Heart’s face fell. “No.”

Feinsake raised another eyebrow. “I assure you, that is no exaggeration. I live in the heart of the Horns’ quarters, which is the closest building to the Parliament itself. You know how well the area is guarded.”

“I also know who guard it,” said Heart. He shook his head. “That will never happen.”

“Because you don’t trust me?”

The din of the street claimed the carriage.

“No, I don’t,” he said eventually. “Just as I know that you don’t trust me.”

Feinsake eyed him, the smile barely crossing her lips now. “You are a direct pony, Deck. It’s something I haven’t seen for a while. The life in the Parliament can be so… curvy, at times.”

The window pane on Chip’s side was knocked on. She opened it and exchanged a few quiet words with a guard. “We’ll arrive there in five minutes,” she stated while closing the window.

Feinsake sighed in disappointment. “Our time is spread thin again. Too thin.” She looked Heart in the eyes. “In a very narrow sense, you are correct: we can’t trust one another. But the point is not what we can do, but what we must do.”

Heart said nothing to that. In five minutes, the cart drew to a halt. As he stepped out, Feinsake leaned out of the window and said, “See you around, Captain.”

The window closed, and Heart was left staring at his own mirror image. The cart drove away, taking the Unity Guard squadron along with it. Heart watched it disappear into the crowd, but before he could see the last glimpse of it, a hoof tapped him on the shoulder from behind. He turned.

“About time you showed up,” said Cowl. His moustache twitched: a sure sign that he wasn’t in the best of moods. “Ten hours. Ten bloody hours I’ve been sitting here like a street sign, waiting for a forensic team to arrive, and what do I get? Nothing! Ten bloody hours!” Another hairy twitch followed in a way of an exclamation mark. “And what the buck were you doing with the bloody Unity Guard, anyway?”

Part of Heart just wanted to burst out laughing. Another part, slightly more insistent, wanted to lay down and let the internal clock catch up. In the end, he had no clue which part of him was thoughtful enough to draw Cowl off the busy street before anything else. “Look,” he started. “I’m sorry that you had to wait a bit. No, save the pointy comments for later. I’ve got some… things to discuss with you.”

Cowl looked suspicious. “Things? What things? What the hay are you on about?”

Heart closed his eyes. This was going to take a more than one try, he could tell. “Well, to begin with… I’ve got some good news about that promotion you’ve been nagging me about for, what, since we joined the Guard?”


The street was dead still. Still Stick waited for a good while before leaving the shade of the alley, making sure he had not a drop of blood on his fur. He couldn’t afford to get caught now. That’d be even worse than losing the list. He trotted easily for a couple of blocks and only when he was sure nopony was following him, set to a steady canter. There was not a moment to waste.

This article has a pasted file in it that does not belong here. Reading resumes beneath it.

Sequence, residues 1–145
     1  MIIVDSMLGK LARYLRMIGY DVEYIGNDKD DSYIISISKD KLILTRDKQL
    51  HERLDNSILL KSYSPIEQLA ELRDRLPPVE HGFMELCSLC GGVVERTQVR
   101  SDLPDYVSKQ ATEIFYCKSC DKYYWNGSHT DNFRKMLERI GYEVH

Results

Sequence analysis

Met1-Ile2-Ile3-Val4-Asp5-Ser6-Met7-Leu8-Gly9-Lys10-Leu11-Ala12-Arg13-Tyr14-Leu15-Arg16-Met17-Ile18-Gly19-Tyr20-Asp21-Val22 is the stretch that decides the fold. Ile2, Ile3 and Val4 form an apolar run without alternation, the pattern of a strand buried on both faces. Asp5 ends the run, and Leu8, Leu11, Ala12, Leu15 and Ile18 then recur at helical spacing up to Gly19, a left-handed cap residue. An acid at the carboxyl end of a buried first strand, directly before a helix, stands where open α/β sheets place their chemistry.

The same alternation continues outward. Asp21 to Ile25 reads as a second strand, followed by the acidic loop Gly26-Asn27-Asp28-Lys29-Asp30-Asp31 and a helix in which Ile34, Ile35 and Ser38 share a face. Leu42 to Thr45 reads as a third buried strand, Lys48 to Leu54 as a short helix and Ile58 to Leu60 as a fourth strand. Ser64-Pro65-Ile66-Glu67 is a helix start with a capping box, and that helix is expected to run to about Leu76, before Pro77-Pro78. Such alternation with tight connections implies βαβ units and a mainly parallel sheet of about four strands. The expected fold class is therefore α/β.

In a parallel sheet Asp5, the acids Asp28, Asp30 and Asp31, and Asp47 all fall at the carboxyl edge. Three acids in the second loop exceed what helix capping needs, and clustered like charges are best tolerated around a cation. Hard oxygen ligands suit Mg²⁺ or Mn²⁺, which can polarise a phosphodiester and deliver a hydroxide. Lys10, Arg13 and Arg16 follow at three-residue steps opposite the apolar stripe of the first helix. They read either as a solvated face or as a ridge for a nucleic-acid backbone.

The colt had been very helpful, eventually. Apparently the Crusaders’ headquarters were on this very area, in an abandoned school building not far away. The filly, called Apple Seed, would turn up there sooner or later. A whole community lived in the school grounds, the colt had told: orphans young and old. The name referred to some ancient, pre-Catastrophe organisation that had helped foals to earn their cutie marks. That was still the central goal of the Crusaders, although stealing food and valuables had grown in popularity recently. This all sounded like a load of posh to Stick, but he didn’t doubt the colt’s honesty. In his mind, ponies were always at their most sincerest in the face of death.

He had followed through the colt’s instructions soon enough. There was indeed a school, just like he had said. Neither was there a question if it was abandoned or not: the roof had holes the size of a pony, all the visible windows were broken and the grass in front of the premises had turned into a jungle probably years ago. There was no movement of any kind visible. Stick walked warily to the rusted gate and pushed it. The metal screamed once and then the whole thing came down in awful clatter. Well, saves the trouble of sneaking in, he thought while walking over it.

The door was locked, but a few kicks brought it down easily. That made a lot of noise, too, but Stick wasn’t feeling very stealthy at the moment. The taste of blood lingered in his mouth, making him thirsty.

“Honey, I’m home!” he shouted in the lobby. Not a cobweb stirred, and the echo died away quickly. “Ready or not, here I come!” he added and headed to the left, because it smelled slightly less moldy there.

The school’s insides weren’t in any better shape than its outside was. Roots pushed through the planks in the floor, water had destroyed whatever furniture hadn’t been stolen and the walls looked like he they’d fall from a kick or two. Mushrooms ran rampant on all corridors. The school had turned into a small forest, that much was clear even for Stick, who hadn't taken a step in a real forest in his life. It was difficult to believe how anypony, let alone a whole community, could live here. At the very least they'd freeze during the winter.